Baked Beans

by David Ackley

Why do we like what we like?

I've always liked baked beans; probably you did too. Perhaps it began with our mothers, Lela—my grandmother--in your case, Dot in mine, putting spoon to our curious infant lips. A scent rounded and rich, a malty, deep smell that went with the nameless color and these pebbly but soft, easily gummed objects, that mashed on the tongue gave up the sweet of molasses, edged with the slight tang of mustard and the viscous scent-taste-feel of stewed salt pork all melted together in its six hours or more in the oven… But what did we know or care about any of that?  We tasted and found it good! And that was that forever.

The recipe was passed down to Lela by her mother, and its ingredients, cooking, timing and usual accompaniments convey something of our history-- back at least to Cutler, Maine on the North Atlantic coast, and who knows how many generations of word of mouth or handwritten recipes  descending mother to daughter, among Lela's Dennisons. The white beans, so easily grown, dried, stored, transported that miles and years at sea, my seaman forebears might have nearly mutinied when, boiled, they surfaced yet again from the galley pots.

 Molasses aside from rum, was the preferred medium for shipping sugar in centuries past: almost black, barely pourable, malty in great wooden barrels. In 1919 such quantities were still in use that when a giant vat burst in Boston, twenty one people were killed along with several horses in the river of sweet goop down the streets of the North end. For years after, on hot summer days residents could still smell molasses bubbling up from the substrata. The event doesn't appear to have suppressed the taste for baked beans. Back in Cutler the salt pork would have come from hogs fattened and slaughtered by George Ackley, whenever he was ashore on the saltwater farm where his son, my grandfather Fred, was raised.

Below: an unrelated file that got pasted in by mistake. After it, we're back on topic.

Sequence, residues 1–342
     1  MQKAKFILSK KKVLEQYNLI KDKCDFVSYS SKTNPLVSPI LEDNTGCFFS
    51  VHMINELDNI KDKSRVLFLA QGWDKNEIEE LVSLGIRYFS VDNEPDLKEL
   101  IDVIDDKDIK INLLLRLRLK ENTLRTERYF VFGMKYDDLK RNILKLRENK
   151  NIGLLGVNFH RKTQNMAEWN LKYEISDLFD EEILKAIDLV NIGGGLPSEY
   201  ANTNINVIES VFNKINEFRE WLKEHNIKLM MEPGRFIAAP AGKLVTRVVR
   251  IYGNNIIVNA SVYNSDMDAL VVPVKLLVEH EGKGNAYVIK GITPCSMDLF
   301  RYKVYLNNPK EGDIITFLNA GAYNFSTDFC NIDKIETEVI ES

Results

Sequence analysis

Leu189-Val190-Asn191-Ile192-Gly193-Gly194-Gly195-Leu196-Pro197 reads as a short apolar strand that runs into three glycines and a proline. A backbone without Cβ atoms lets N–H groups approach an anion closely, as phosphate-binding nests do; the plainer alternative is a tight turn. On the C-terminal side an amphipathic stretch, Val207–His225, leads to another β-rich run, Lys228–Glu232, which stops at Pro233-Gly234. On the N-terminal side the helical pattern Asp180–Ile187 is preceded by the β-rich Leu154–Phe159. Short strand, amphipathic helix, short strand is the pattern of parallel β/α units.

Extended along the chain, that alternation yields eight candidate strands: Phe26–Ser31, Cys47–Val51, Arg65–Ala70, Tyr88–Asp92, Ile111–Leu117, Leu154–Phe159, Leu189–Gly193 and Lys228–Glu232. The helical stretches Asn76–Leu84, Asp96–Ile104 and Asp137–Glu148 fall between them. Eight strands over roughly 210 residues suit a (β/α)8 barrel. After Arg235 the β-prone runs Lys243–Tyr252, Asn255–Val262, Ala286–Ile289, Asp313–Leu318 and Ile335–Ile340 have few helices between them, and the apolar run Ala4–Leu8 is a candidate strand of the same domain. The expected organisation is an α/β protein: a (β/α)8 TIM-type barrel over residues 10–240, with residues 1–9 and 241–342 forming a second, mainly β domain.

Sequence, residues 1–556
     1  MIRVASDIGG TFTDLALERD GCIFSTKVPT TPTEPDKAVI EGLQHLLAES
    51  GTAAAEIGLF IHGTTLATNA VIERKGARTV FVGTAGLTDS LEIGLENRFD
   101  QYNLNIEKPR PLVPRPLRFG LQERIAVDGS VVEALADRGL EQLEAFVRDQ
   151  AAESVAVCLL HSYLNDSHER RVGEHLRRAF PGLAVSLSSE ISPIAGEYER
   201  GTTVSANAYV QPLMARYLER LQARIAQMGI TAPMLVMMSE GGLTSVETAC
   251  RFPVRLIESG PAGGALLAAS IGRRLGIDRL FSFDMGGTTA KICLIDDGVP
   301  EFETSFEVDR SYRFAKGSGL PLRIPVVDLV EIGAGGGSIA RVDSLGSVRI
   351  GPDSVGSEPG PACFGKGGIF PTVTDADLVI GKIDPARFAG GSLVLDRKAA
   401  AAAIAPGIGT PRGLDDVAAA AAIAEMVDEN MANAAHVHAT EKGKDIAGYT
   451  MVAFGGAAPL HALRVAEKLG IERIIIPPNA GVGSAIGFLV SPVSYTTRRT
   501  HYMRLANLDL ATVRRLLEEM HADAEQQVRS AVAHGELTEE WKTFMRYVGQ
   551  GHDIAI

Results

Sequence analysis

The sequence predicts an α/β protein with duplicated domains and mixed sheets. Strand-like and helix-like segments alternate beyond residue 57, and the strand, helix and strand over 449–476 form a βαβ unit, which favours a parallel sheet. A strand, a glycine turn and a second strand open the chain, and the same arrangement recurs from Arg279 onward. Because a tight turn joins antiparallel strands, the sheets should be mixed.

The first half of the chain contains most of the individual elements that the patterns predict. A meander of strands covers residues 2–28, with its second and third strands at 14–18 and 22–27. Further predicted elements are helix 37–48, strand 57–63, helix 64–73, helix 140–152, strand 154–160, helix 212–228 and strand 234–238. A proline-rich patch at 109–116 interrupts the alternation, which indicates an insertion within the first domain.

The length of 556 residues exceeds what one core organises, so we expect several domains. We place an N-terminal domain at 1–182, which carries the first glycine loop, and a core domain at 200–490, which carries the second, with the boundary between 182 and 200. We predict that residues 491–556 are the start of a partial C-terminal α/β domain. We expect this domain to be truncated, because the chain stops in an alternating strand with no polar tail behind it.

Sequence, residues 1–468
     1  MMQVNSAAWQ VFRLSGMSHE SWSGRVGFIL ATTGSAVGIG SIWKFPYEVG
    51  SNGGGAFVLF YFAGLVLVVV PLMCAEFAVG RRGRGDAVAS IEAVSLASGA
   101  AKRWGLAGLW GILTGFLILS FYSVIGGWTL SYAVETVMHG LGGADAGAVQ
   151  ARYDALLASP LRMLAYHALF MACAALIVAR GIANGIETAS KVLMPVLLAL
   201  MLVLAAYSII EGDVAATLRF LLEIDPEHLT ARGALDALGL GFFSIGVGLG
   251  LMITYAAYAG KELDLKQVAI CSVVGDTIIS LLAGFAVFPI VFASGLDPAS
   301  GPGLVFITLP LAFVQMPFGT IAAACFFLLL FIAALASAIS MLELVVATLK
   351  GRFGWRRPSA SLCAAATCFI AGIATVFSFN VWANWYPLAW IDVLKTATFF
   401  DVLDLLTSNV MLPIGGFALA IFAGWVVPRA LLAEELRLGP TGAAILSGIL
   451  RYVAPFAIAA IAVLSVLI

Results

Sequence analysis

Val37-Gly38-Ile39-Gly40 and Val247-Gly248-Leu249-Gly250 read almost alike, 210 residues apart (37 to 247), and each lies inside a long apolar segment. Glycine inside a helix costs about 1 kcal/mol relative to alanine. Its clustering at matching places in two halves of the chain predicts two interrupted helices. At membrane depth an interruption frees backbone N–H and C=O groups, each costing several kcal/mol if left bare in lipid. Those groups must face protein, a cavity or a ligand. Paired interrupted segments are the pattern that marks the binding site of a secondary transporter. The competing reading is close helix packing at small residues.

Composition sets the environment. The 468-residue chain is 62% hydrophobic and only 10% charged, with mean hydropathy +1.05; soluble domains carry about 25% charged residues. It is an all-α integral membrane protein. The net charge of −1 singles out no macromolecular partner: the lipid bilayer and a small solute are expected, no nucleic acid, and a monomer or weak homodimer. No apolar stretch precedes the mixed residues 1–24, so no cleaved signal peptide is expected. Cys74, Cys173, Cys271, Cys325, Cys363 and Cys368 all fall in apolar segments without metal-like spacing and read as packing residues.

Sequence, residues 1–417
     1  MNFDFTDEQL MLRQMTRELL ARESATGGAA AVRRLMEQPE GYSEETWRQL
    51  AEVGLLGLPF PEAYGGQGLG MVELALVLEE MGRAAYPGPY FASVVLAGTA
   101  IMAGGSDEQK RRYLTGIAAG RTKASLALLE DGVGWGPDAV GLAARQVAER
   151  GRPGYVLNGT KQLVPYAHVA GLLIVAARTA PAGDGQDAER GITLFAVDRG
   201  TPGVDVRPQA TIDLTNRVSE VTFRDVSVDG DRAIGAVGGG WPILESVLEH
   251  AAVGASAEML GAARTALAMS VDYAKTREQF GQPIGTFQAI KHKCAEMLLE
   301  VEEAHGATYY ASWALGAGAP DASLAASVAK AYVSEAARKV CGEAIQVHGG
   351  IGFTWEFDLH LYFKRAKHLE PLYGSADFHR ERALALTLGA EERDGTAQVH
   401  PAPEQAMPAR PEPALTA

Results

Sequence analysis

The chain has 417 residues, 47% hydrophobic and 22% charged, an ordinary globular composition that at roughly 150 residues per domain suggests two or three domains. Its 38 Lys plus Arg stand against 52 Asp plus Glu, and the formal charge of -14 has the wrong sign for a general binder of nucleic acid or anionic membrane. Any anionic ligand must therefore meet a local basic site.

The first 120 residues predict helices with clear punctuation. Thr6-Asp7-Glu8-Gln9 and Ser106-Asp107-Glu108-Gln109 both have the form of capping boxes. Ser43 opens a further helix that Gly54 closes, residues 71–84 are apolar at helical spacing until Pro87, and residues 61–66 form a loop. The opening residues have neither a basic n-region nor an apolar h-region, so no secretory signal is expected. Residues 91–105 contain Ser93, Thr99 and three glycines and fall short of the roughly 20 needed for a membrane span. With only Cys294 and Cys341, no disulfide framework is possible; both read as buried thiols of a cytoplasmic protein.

And so Friday nights, in 1920's Nashua with Lela at the far end of the table and Fred at the head; you (my uncle Philip) at age six; my father Harry, eleven;  and the full grown aunts, Olive, Jeanette along either side.  In front of Fred would be a brown earthenware pot with two rudimentary handles, the lower half dark brown the upper beige, with a small brown lid, which when lifted, released a steam of the rich compounded smells. And on the table, a platter of cod cakes, crusted and golden; and dark brown bread steamed in its own can. Back in Cutler, the cod, fresh or salted, would have come ashore in wooden dories manned by George, or his father James, or other Ackley seamen going all the way back to Benajah Ackley Jr. in 1751 the first of our line to settle beside the Gulf of Maine where Cod was so plentiful it was called the fish that built New England.

Friday night : Boston baked beans.

Maybe all of this is why we liked it, or maybe it's only the bland biology of taste buds, the salivation prompted by the redolence as Fred spoons the beans and their brown liquid onto each plate, Lela serves up a slice of brown bread with a dab of melting butter, your favorite as mine, bready rich with more molasses; then the cod cakes. You spooned the beans into your mouth, tasted, chewed, swallowed. So do we imbibe our own history and taste its spirit; it becomes who we are.

You perhaps only dimly sense : When my own children sit along the table, I at the head and she at the other end, on Fridays she will bake beans which I will serve up like my father Fred, spooning from this same brown pot. The familiar tastes and smells meld; the family carries them on.